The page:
When you’re undergoing treatment for cancer, you often feel that you’ve lost all control of your life. Everyone is now telling you what to do. You feel at the mercy of your disease, your doctor and your treatment. Andy J. talks about regaining independence by focusing on good nutrition and exercise during his treatment for head and neck cancer.
The dental exam that changed his life
Head and neck cancer can be a complex disease. In Andy’s case, a routine dental checkup ended in his dentist discovering lesions in his mouth. His formal diagnosis revealed advanced tumors, requiring surgery to remove a portion of the underside of his tongue and a section of tissue in the bottom of his mouth—an 11 hour procedure! After weeks of learning new ways to eat and swallow and to fully regain his ability to speak, Andy gradually started regaining independence.
Regaining independence through diet and exercise
All went well for almost two years, until a regular check-up revealed the same cancer in the lymph nodes in his neck. The treatment this time was another surgery, followed by the double whammy of both radiation and chemotherapy. But, he realized that along with a loss of appetite, eating would never be the same for him again: “Early on I lost my sense of taste, my salivary glands were shot, and I had lost all interest in eating. I could smell steak, spaghetti, everything…but I couldn’t imagine eating solid food.” During his treatment, his doctor told him that it was critical that he maintain his weight and stay as active as possible to recover and manage the side effects of his treatment. Since Andy had a loss of appetite, his doctor recommended that he drink BOOST® Very High Calorie (VHC) Nutritional Drink.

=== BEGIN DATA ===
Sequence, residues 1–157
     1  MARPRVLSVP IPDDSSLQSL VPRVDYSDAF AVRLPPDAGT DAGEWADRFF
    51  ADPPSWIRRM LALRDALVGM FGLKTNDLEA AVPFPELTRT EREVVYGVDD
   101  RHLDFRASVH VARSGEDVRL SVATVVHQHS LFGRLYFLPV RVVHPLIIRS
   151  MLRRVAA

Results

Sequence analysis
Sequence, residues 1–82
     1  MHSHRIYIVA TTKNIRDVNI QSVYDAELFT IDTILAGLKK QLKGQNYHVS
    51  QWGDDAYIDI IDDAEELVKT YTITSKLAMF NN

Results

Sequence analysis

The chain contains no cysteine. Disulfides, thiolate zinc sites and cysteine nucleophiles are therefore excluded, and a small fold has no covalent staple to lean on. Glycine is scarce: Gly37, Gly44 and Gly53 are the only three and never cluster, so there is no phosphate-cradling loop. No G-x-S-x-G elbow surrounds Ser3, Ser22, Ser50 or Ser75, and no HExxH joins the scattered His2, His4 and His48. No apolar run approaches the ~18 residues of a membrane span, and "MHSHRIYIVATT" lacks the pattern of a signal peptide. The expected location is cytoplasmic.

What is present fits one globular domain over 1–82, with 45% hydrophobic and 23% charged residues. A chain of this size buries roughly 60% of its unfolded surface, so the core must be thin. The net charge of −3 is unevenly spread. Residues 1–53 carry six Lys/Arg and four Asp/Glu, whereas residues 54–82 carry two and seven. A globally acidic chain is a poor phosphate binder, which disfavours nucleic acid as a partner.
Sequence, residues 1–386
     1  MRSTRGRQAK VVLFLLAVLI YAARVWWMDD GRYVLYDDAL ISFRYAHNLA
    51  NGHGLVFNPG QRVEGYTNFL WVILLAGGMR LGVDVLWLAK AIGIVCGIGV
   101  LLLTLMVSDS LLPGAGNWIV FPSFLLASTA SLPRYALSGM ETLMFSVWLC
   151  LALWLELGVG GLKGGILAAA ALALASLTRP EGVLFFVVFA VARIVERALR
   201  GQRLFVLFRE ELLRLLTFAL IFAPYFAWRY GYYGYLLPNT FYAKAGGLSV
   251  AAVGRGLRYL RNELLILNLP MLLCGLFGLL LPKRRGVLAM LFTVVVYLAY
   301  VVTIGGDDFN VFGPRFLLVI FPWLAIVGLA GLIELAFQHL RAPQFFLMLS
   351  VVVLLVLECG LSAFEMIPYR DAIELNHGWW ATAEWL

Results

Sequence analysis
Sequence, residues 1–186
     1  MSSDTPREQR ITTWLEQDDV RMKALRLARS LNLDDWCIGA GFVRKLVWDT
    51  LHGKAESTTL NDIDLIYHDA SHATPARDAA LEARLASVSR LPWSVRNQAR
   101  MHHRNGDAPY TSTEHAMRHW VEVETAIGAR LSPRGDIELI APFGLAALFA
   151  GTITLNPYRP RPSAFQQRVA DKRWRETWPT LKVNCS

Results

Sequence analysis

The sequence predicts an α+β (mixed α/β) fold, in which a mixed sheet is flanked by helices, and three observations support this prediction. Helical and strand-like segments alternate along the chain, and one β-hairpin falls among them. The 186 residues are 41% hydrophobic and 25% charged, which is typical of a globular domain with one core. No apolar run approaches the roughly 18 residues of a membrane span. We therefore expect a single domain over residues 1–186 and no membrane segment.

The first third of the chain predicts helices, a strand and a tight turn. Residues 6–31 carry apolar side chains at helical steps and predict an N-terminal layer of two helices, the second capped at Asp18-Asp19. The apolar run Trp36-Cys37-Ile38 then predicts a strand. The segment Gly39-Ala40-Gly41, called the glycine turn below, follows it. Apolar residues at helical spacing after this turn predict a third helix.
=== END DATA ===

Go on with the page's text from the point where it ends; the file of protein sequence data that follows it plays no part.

Andy recalls, “Despite my loss of appetite, I was told to drink BOOST® VHC drink, with 530 calories in every little carton, four times a day. I decided okay…I can do that. I supplemented it with ice cream and went to the gym five days a week—not at my previous exercise level, but as close as I could. I did all the housework, all the yard work, everything. If it had not been for those 530 calories four times a day, I wouldn’t have been able to keep it up. When I spoke with my doctor about it, he said by getting the calories and balanced nutrition I needed through BOOST® VHC drink, working out and keeping that positive attitude would help me get through it. You're not in control of everything, but you're still in control of a lot. And this was something I could still control.”
A caregiver’s perspective
Helping someone who has a keen sense of independence takes a special touch and, Andy’s wife, Sue, weighs in on how to help, respectfully: “This was Andy's journey and I've always believed that every individual has their own sense of dignity and independence, and I didn't want to take that from him. I wanted him to keep his positivity, which was downright magical with everything he was going through. As a caregiver, just make sure you establish your own support system, so when you need it most, you can be uplifted—or allowed to vent.”
Andy agrees that Sue knew exactly how much to help: “Sue was an incredible source of support! Not the kind where she'd be fawning all over me but she allowed me to do the things I thought I could do and, if I failed, she was there to help and support me.”
Still a BOOST® fan
For three months, Andy drank BOOST® VHC exclusively—no solid foods of any kind. Toward the end of his treatment, he supplemented with BOOST® High Protein Drink.
Even though he no longer suffers from a loss of appetite, he continues to stay active and take care of himself, and starts almost every day with a smoothie made with a BOOST® nutritional drink.
Andy says, “Still to this day, I drink at least two bottles of a BOOST® nutritional drink every day. I'm cancer-free, but one of the reasons I am, I believe, is because I did everything I needed to do, and the doctors did everything they needed to do. And, part of that was the nutritional component I got from BOOST® nutritional drinks.”